Just because you're leaving the house does not mean that you can not take smart home technology with you. Whether you're camping, driving a motorhome on the road, or staying in a hotel, you can take away some of your smarthome technology.
Put Google or Alexa in your vehicle.
Just because you're away from home does not mean you can not have your favorite voice assistant. Some automakers include Google Assistant and Alexa in the infotainment system, but even if you're in an older car, you still have options.
Anker produces both an Alexa and a Google version of its Roav product. The Roav looks like a standard car charger, but it syncs with your phone and the speakers of your vehicle and offers a voice assistant on the go. You need a data signal from your phone to make the devices work naturally.
Amazon has announced the Echo Auto, but this is currently just an invitation. Therefore, third-party options are currently the only viable option.
If you use a hotspot, you can also take your Echo Dot or Google Home mini with you. Some hotels also offer echo devices in guest rooms.
Determine Your Internet Options
Many smarthome devices require the Internet to work. Your video doorbell, cameras, and Wi-Fi devices require some network access in order to use all the features they provide.
First, determine what your Internet access should look like. If you are camping tented, you may not have convenient internet access. or if you do, it can be slow. However, if you stay in a hotel or have a mobile hotspot with good reception, you will need to consider other options to reach smart devices from the Internet. If you have an Amazon Echo, there is a process for working with login pages for the web browser. In all other cases you should consider a travel router.
Travelers can connect to a hotel's network and then create a custom Wi-Fi network for them. This process bypasses the sign-in page for all your smart devices and bypasses all the rules that apply to only one device in some hotels.
The easiest way is to create a plan that does not have an internet connection.
Smarthome hub with local control
Since you can not guarantee Internet access from anywhere, and mobile hotspots are often equipped with data restrictions, you can control your devices without them. Internet is the way to go. The easiest way to manage this is to have a hub that works locally.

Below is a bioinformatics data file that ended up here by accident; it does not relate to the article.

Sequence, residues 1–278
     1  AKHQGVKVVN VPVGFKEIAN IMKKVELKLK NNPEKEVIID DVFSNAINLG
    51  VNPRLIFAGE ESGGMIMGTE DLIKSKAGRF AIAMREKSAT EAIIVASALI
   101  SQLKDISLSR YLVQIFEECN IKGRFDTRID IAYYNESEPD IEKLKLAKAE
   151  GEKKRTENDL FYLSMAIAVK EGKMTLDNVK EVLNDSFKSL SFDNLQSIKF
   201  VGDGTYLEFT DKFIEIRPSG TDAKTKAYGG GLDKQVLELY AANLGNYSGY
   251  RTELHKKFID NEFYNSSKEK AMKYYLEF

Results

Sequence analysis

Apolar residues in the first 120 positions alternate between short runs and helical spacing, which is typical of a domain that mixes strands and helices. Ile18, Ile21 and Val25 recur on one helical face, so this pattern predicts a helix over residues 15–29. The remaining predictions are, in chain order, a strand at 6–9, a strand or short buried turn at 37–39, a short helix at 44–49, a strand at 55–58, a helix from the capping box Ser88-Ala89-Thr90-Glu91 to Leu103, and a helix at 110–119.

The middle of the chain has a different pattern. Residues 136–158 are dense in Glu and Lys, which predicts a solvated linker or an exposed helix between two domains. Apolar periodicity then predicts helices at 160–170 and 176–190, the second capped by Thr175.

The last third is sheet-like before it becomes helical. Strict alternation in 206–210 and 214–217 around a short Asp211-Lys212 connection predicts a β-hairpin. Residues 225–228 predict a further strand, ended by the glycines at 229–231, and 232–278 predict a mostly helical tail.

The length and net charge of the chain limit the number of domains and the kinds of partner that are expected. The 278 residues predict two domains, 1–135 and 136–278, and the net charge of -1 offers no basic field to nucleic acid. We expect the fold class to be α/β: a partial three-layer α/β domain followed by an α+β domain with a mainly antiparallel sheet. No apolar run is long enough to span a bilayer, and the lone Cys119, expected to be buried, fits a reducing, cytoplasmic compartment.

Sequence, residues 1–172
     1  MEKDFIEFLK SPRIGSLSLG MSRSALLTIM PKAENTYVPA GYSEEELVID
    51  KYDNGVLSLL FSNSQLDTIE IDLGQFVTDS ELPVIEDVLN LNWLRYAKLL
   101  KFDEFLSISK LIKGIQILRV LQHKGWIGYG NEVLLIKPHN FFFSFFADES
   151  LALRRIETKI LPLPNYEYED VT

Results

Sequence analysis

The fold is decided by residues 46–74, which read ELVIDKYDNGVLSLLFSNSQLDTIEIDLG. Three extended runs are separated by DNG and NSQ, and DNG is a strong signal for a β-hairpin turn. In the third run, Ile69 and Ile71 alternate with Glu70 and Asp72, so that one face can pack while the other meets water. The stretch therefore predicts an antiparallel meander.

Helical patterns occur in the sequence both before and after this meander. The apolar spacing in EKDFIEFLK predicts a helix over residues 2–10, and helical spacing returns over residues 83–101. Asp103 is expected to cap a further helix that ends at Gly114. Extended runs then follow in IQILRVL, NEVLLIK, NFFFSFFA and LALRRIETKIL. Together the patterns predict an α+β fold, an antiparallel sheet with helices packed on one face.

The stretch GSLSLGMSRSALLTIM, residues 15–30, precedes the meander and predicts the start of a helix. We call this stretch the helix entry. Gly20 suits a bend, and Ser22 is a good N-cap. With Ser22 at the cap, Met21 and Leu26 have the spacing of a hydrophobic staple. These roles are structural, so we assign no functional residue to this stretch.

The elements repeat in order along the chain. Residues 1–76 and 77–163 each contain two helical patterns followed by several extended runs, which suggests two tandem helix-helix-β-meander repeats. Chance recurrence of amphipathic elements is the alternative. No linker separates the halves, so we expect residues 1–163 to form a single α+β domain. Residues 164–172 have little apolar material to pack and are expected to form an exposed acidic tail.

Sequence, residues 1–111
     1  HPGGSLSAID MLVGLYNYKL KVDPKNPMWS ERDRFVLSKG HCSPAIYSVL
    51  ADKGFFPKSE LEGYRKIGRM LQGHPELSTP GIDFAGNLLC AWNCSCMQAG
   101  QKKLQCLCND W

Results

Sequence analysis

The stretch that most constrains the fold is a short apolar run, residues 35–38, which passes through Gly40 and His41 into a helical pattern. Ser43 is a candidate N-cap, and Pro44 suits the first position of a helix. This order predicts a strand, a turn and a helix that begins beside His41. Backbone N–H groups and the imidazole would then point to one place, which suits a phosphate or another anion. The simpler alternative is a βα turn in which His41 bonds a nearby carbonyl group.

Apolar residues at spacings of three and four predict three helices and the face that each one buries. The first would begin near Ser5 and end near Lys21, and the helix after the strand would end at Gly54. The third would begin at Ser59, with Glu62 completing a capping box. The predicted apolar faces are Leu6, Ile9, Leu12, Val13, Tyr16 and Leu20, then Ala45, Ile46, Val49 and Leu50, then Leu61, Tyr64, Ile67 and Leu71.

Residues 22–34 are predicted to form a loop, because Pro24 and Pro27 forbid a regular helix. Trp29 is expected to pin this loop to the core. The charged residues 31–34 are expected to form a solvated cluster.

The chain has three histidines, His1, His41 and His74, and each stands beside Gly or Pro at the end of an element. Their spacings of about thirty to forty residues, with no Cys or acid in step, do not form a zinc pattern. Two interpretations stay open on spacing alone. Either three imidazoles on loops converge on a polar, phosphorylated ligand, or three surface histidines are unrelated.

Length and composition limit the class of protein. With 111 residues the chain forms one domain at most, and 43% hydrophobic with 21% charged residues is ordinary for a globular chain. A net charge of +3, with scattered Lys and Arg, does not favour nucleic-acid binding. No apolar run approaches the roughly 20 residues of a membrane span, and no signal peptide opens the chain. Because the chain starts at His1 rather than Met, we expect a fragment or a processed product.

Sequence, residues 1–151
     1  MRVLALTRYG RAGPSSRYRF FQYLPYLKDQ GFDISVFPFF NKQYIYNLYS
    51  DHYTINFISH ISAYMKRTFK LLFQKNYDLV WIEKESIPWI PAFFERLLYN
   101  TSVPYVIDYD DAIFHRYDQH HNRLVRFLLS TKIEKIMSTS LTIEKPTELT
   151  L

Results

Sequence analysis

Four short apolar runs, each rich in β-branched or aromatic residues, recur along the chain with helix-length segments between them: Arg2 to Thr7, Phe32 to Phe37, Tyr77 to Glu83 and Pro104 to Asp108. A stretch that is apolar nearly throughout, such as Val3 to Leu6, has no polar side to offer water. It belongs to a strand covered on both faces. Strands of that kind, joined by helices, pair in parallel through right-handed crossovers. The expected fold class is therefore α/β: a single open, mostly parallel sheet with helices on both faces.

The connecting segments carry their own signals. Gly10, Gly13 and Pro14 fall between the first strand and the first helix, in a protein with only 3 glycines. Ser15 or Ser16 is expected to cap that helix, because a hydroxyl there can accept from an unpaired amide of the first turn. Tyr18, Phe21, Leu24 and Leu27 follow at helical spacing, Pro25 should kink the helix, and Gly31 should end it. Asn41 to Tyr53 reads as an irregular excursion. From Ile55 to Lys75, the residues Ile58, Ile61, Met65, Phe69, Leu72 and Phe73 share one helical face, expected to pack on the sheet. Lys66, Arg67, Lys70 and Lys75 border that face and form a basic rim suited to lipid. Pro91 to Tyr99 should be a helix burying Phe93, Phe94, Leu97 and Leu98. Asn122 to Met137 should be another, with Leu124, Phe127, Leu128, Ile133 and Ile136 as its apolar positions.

Although SmartThings and Wink hubs have limited local control capabilities, they rely primarily on the cloud. Therefore, you should skip these for travel. You may want to consider Hubitat, HomeSeer or OpenHab instead.
Local hubs are more difficult to set up than cloud hubs like Wink or SmartThings, but the fact that they can work without the Internet is the main benefit of using them for traveling. As long as you choose smart devices that do not rely on the Internet (or provide a mobile hotspot), your only concern is to power your devices.
Select Z-Wave or ZigBee devices
The other advantage of using a hub, especially a local control hub, is its use from Z-wave and ZigBee. Most Smarthome hubs support the Z-Wave and Zigbee protocols. These protocols form a mesh-style network. This means you can take plugs, lights, and sensors with you, even if you do not have Internet access.
If you stay outdoors, choose devices that are compatible with the weather. The setup is relatively similar to home, and you probably should do the decorating work here anyway. That way, when you arrive, you'll only need to hook up and provision the Internet if you have the Internet.
Intelligent sensors allow you to automate your arrival and departure, and if you have Internet access, you can even build a lightweight security system that notifies you when someone enters your room, vehicle, or campsite.
RELATED: How To Take Your Smarthome Outside
Bluetooth is Decently Alternative to Smart Hubs
How As mentioned earlier, using smart home hubs with local control is usually difficult. If you do not want to work through this or spend money on another hub, Bluetooth is another option.
You can control Bluetooth lights and plugs directly from your phone without having to set up a hub. This option works without Internet, although some devices provide Alexa or Google compatibility if you can provide network access.
In a hotel, by placing switchmates over the light switches, you can prevent them from having to get out of bed again, time to find a switch that you missed to turn off the last light. Your tired body will thank you for the easy control. Do not forget to reset the original bulbs.
The main disadvantage of this option is the short Bluetooth range. In a hotel or RV you probably will not encounter any problems, but at a campsite you may need to keep everything within reach.
You can not take everything with you.
Some smarthome devices have won. & # 39; t travel well. Cameras like Wyze Cam or Nest Cams are an attractive option and are particularly useful for security reasons. But they use a lot of data and would probably break any cap that has a mobile hotspot or suffers from throttling. Likewise, anything you normally connect to a house like a smart lock, a thermostat, or a switch is not a sensible choice.
But as long as you plan the available options correctly, you can take at least part of your smarthome comfort with you when traveling.